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Go Back   SailNet Community > General Interest > General Discussion (sailing related) > Robert Redford, Sailor
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Thread: Robert Redford, Sailor Reply to Thread
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Topic Review (Newest First)
11-16-2013 02:13 PM
paul323
Re: Robert Redford, Sailor

I liked Lou's backstory - it was fairly close to what I had in my mind also, which meant I enjoyed the film. The only thing which niggles me was the lack of an EPIRB - but if he had one it would not have been much of a story! And I agree with the others - I didn't see errors, so much as dumb mistakes anybody could make - like the wrench to tighten a thumb-tightened antenna connection. Perhaps a bit spurious, but you have to fit a shot from the mast in somehow, don't you!

One thing I liked - which I know the directors strove for - was the condition of the boat. Maintained, but slightly run down - little things like holes in the mast where a cleat cleat to be added hugely to the reality for me - a seaworth boaty, but not new.

As I recall they bought at least 3 boats for the filming, and one indeed was cut up to get the camera into the right places.
11-16-2013 02:01 PM
luck66
Re: Robert Redford, Sailor

It is a movie, it's value is partly what you bring, and the entertainment you experience, and like art what you gain while viewing.
11-16-2013 11:51 AM
mad_machine
Re: Robert Redford, Sailor

reading back through this, I have to agree with the OP. Many people in a position of authority seem to take that attitude with them throughout life. Wether in driving, sailing, or flying.

Many many doctors lost their lives flying. The Beachcraft Bonanza earned the nickname "Split tailed doctor killer" for a reason
11-16-2013 10:45 AM
djodenda
Re: Robert Redford, Sailor

Quote:
Originally Posted by lillia28 View Post
--------------------------------------------------------------------------

I hope your Dad's circumnavigation went better than Our Man's!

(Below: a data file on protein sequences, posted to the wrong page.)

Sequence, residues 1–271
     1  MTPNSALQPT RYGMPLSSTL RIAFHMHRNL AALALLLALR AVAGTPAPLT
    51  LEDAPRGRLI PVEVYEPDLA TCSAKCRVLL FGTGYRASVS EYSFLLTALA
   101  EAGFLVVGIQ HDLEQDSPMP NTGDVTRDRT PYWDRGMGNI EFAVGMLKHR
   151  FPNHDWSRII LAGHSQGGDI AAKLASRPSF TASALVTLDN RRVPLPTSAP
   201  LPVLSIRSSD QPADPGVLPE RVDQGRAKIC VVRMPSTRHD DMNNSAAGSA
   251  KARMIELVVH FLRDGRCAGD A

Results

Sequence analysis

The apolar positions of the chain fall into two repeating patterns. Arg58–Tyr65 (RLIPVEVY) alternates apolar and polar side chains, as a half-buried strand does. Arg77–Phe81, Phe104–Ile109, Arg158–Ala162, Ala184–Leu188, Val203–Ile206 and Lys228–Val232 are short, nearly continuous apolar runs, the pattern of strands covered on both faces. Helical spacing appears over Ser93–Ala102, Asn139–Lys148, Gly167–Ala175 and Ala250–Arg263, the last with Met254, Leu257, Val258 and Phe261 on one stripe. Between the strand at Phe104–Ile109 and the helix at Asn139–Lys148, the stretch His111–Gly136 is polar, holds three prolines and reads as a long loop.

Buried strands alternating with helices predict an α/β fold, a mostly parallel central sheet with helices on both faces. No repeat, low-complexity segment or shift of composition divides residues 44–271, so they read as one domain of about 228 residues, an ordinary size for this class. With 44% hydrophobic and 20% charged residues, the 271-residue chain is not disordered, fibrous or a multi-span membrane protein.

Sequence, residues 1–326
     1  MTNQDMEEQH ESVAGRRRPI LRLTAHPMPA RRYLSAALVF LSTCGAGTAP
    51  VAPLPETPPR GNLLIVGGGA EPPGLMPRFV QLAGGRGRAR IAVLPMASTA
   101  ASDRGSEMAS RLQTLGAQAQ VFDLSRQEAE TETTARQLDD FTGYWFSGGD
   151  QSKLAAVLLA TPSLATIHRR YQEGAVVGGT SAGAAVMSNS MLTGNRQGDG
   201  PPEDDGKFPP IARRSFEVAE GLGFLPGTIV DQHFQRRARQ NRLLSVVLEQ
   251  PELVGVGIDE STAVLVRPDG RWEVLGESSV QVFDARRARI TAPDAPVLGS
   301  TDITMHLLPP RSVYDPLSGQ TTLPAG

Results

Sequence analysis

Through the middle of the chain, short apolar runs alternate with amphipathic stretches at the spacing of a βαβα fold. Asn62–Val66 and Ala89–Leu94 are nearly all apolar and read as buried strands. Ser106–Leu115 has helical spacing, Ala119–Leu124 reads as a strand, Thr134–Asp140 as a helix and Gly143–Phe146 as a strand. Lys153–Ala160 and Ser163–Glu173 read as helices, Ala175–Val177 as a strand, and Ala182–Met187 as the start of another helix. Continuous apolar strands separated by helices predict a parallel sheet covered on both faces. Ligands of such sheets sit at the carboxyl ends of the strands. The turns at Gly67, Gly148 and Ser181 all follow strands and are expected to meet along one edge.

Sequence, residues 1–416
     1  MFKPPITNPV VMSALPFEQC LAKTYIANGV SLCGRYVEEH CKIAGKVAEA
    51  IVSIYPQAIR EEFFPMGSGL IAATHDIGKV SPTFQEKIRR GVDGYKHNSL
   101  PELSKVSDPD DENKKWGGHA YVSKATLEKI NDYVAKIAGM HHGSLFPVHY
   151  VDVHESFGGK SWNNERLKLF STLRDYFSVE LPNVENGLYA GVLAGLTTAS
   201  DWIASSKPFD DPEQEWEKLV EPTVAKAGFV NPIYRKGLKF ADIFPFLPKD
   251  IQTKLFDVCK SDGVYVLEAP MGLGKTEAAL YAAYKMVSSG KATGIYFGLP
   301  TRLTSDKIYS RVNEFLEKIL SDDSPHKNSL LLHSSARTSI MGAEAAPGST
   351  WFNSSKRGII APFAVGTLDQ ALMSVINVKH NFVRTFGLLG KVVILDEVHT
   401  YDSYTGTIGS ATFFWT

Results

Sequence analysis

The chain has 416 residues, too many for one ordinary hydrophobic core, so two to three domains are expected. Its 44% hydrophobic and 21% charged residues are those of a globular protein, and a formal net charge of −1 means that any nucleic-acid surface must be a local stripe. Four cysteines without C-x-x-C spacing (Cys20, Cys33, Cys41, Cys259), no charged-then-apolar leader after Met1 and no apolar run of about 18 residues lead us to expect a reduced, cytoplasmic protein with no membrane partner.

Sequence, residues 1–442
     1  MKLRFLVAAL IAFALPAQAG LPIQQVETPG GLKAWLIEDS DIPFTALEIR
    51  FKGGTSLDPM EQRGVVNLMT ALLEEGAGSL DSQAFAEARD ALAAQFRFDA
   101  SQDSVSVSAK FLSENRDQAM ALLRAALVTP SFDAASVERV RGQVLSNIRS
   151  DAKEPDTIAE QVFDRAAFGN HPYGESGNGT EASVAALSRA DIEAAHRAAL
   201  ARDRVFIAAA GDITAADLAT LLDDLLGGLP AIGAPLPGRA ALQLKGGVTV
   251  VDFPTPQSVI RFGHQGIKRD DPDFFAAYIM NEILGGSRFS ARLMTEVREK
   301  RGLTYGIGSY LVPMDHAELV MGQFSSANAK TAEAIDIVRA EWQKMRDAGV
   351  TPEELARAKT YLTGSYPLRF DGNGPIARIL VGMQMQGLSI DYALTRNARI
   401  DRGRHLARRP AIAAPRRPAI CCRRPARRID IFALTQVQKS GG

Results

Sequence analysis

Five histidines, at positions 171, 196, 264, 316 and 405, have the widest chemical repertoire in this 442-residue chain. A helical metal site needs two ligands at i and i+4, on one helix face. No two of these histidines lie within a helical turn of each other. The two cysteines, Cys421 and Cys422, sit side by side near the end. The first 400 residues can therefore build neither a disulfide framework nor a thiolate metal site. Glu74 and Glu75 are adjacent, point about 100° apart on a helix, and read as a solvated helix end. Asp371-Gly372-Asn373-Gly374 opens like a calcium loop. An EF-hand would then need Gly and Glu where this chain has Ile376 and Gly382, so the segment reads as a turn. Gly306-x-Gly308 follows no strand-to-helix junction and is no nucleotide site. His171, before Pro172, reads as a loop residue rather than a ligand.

Lou
It certainly did. He completed it in 12 years, and he's alive and well!
11-16-2013 09:36 AM
lillia28
Re: Robert Redford, Sailor

Quote:
Originally Posted by djodenda View Post
I really liked the movie. I like movies that make me think. I agree with Lillia28. Discovering the back story is really fun to do. After a couple of the unrealistic things that occur earlier in the movie, I checked myself from whispering NOOO!! in my wife's ear, and decided to just let that part go.

If you don't, you will drive yourself crazy.

SPOILER AHEAD
So.. did you notice that when he opened the sextant, there was a card inside? And he didn't read it? How come? My speculation is that the sextant was a gift from family, as described above, and that he didn't want to be reminded that he had messed up and not even learned how to use such a valuable gift.. He was ashamed.

Interestingly to me, is that when my father left on his circumnavigation in the late 1980s, he didn't want to bother with a sextant. So we bought him one. He never learned to use it.

SPOILER ENDING

The movie is full of wonderful things. But you have to reach for them, and not let the inaccuracies drive you crazy. Besides, it's less of an issue when he's in the life raft
--------------------------------------------------------------------------

I started wondering if it was a birthday present, a Christmas present or a going away present, but then I slapped my self. The way he tosses the card aside after the briefest hesitation says volumes, at least to me! I hope your Dad's circumnavigation went better than Our Man's!